2016 has certainly seen its fair share of interest. Brexit, Trump about to enter the White House, Syria, a rise in nationalism and popularism... to name just a few events that show the way we've believed the world to be, is perhaps not how it is.
It could be tempting to see these as a blip, in an arc of history that we think always tends towards peace and justice, but as Paul Kingsnorth writes in this blog on the Dark Mountain Project there are deeper issues that need addressing:
"When I look at the state of the world right now, I see an arc bending towards something that dwarfs any parochial concerns about particular presidential elections or political arrangements between human nations, and which should put those events into deep perspective.
I see a grand planetary shift that has not been seen for millions of years. I see that half the world’s wildlife has gone, and half the world’s forests, and half the world’s topsoil.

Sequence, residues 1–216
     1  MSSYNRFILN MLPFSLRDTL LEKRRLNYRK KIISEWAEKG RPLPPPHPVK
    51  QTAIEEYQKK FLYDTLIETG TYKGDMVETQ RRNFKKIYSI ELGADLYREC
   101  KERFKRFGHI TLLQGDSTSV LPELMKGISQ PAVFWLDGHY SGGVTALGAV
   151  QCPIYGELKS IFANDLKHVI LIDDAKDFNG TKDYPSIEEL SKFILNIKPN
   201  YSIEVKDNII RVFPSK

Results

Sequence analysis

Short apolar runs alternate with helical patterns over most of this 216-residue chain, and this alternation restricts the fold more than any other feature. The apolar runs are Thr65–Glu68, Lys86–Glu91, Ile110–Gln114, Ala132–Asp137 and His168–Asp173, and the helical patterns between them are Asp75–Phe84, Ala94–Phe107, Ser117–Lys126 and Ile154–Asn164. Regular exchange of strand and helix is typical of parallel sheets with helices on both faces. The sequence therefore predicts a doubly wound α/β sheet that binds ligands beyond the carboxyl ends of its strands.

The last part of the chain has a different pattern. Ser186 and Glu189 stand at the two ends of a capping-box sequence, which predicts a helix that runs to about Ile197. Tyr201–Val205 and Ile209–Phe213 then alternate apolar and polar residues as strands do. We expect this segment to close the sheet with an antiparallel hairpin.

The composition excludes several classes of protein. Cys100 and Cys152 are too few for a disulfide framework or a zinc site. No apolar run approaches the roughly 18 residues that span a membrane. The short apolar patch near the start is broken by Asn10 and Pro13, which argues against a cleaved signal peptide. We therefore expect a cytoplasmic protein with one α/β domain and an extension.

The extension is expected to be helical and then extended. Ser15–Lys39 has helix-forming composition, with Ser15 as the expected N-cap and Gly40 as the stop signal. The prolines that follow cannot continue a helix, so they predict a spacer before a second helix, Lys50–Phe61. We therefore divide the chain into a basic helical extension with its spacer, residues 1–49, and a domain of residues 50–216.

I see 10 billion people needing to be fed.
I see the highest concentration of carbon in the atmosphere since humans evolved.
I see coming waves of political and cultural turmoil resulting from all of this, which makes me fear for my children, and sometimes for myself."
At times like these, connecting with nature has never been more important.
Wendell Berry explains why in his poem The Peace of Wild Things:
The Peace of Wild Things
by Wendell Berry
When despair for the world grows in me
and I wake in the night at the least sound
in fear of what my life and my children’s lives may be,
I go and lie down where the wood drake
rests in his beauty on the water, and the great heron feeds.
I come into the peace of wild things
who do not tax their lives with forethought
of grief. I come into the presence of still water.
And I feel above me the day-blind stars
waiting with their light. For a time
I rest in the grace of the world, and am free.